But he’s never been a clean fit anywhere in his career thus far. Williams had to carve out his space to find a place he belongs. When Rob Williams comes back sometime in the near future, it’s unclear where Grant Williams will end up. He’s playing at a level where it may make sense for Horford to move to the bench, keeping him fresh as he tries to stay healthy for another deep postseason run.
 

benhogan

Granite Truther
SoSH Member
Nov 2, 2007
15,879
Santa Monica
I know we've started to assume Grant gets paid this offseason, but there are also a lot of ways he doesn't, even with strong performance and a deep playoff run (up to a championship).

He's averaging 9.3 pts and 1.8 assists on 28 mins a game: he's getting playing time, and looks good, but not putting up big counting numbers. He obviously can shoot, but only 3.3 attempts/game there as well.

This just isn't the profile of a guy who gets paid. It's very easy to see him getting Smart'd in RFA: waiting around awhile and then getting a face-saving discount deal from the Cs.

I don't really see where the uptick in counting stats will come from for him on this team, particularly as Brogdon comes back, and Hauser keeps taking 2nd unit 3-point attempts.
Last night was another example of that. Grant played 31 minutes. 3pts, 4 rebs, 3assts.
I think Grant has a lot of value to the Celtics, but other teams will see those #s and won't be enticed to pay him the money he wants.

ALSO, Horford's drop coverage was getting hunted and rinsed repeatedly. Expect an adjustment, see Grant cover Bam tighter and go switchy on Bam picks. If Grant can slow that play down, that adds a ton of value, but won't show up in the box.
 

Saints Rest

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Last night was another example of that. Grant played 31 minutes. 3pts, 4 rebs, 3assts.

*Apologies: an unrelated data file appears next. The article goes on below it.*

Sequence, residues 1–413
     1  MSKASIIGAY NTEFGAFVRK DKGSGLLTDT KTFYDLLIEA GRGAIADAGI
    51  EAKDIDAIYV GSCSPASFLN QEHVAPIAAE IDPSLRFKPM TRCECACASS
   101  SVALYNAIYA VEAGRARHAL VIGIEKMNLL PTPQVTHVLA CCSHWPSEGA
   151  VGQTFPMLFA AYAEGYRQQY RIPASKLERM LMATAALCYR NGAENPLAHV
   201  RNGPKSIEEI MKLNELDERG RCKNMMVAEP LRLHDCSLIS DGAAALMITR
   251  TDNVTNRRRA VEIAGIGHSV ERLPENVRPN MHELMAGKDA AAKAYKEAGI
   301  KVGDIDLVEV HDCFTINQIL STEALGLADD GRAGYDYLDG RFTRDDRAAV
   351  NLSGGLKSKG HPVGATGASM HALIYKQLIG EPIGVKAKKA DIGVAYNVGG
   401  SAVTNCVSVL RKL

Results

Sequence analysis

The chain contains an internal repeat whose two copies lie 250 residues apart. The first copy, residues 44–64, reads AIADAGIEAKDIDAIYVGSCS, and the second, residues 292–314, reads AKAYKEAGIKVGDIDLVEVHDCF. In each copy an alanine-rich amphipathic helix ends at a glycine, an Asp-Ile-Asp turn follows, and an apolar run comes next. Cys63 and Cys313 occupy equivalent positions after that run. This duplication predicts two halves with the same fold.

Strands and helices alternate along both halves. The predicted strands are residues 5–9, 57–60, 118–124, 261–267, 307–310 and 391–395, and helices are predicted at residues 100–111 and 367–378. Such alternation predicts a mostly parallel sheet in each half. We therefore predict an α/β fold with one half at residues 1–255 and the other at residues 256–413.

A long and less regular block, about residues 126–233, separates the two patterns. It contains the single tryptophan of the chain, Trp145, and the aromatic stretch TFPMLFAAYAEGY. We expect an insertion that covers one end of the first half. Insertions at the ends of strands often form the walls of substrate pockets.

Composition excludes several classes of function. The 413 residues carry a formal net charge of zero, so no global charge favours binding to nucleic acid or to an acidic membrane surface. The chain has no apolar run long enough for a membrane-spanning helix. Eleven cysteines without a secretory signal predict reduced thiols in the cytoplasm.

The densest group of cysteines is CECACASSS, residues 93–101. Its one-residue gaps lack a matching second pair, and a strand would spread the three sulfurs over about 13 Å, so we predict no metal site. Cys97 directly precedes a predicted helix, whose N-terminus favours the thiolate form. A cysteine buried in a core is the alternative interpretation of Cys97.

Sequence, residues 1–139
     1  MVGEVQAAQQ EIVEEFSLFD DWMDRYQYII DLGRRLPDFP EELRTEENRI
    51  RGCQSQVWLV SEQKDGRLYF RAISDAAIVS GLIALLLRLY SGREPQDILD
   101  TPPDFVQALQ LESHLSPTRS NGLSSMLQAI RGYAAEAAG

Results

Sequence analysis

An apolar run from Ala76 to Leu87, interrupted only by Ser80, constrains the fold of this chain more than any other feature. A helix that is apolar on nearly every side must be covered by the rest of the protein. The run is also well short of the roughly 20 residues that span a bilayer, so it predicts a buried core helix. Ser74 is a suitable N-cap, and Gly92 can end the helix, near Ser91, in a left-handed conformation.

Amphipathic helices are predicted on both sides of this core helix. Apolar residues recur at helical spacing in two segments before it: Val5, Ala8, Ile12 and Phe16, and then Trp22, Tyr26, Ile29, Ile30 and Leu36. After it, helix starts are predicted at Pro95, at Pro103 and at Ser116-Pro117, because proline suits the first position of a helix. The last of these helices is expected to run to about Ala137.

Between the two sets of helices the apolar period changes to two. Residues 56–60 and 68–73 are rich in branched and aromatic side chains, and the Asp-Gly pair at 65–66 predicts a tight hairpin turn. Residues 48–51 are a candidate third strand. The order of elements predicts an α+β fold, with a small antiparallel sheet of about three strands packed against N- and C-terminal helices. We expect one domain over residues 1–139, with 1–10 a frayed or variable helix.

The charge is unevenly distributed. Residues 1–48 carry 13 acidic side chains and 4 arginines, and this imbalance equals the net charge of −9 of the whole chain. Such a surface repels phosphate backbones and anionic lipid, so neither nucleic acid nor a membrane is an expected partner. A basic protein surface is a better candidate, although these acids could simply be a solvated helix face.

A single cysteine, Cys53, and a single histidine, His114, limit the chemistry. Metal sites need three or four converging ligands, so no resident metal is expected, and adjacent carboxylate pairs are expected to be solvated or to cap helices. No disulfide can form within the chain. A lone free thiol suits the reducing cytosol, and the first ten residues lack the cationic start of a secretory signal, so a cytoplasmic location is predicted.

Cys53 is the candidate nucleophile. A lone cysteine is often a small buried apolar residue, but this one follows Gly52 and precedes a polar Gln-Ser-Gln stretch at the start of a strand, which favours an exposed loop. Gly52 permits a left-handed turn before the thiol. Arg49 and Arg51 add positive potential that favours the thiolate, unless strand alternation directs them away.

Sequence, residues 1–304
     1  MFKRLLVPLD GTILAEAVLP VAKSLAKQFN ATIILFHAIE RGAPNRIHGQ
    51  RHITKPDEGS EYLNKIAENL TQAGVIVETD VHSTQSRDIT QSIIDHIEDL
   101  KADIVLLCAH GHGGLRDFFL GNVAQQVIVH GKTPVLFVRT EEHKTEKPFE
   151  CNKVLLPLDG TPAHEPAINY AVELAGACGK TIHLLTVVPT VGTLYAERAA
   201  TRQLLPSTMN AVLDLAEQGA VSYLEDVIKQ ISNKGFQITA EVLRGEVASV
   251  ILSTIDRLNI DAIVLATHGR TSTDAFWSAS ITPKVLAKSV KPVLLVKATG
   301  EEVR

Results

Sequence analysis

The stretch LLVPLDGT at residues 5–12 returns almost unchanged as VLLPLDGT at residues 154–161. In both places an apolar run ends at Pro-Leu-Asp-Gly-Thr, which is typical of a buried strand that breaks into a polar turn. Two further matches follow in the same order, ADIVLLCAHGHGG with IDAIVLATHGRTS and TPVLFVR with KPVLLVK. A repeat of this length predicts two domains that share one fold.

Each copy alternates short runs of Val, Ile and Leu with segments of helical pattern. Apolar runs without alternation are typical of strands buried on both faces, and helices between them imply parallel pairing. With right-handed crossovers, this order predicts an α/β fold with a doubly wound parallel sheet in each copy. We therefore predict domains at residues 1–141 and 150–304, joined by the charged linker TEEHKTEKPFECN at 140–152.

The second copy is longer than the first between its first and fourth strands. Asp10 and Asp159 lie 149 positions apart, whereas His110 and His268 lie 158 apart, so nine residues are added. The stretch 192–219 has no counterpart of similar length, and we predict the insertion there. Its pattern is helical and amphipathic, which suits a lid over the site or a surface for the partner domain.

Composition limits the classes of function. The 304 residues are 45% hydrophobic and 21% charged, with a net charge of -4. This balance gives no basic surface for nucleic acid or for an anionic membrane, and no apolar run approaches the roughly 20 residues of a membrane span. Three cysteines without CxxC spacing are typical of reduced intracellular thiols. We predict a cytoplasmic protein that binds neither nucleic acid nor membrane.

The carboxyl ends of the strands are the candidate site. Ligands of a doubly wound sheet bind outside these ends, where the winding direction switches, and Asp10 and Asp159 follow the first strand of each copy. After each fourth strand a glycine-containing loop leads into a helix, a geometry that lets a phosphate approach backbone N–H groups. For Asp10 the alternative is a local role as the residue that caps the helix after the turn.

I think Grant has a lot of value to the Celtics, but other teams will see those #s and won't be enticed to pay him the money he wants.

ALSO, Horford's drop coverage was getting hunted and rinsed repeatedly. Expect an adjustment, see Grant cover Bam tighter and go switchy on Bam picks. If Grant can slow that play down, that adds a ton of value, but won't show up in the box.
It looked to me like there were a number of possessions last night (OK, >2) where the initial coverage was GW on Lowry. I wonder if that was to prep for any Lowry/Bam P&R action.

Regardless, the way that the Heat ran everything off some sort of Bam pick action was particularly notable, (didn't hurt that Scale kept harping on it). Attention must be paid!
 

slamminsammya

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Jul 31, 2006
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It really is remarkable what a good screen setter Bam is. I think Marcus was the only guy I saw capable of staying attached to hips through those screens or even recovering enough to contest the pullups from behind.
 

DavidTai

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Dec 18, 2003
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Herndon, VA
It really is remarkable what a good screen setter Bam is. I think Marcus was the only guy I saw capable of staying attached to hips through those screens or even recovering enough to contest the pullups from behind.
It drives me crazy, mostly because I cannot believe it's legal to spread his legs -wide apart- to intercept people trying to come over the screen.
 

Cellar-Door

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Aug 1, 2006
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It drives me crazy, mostly because I cannot believe it's legal to spread his legs -wide apart- to intercept people trying to come over the screen.
It's not, but the problem is if you let him trip you and you don't get the call (which you don't a lot of the time) you just gave up an easy bucket.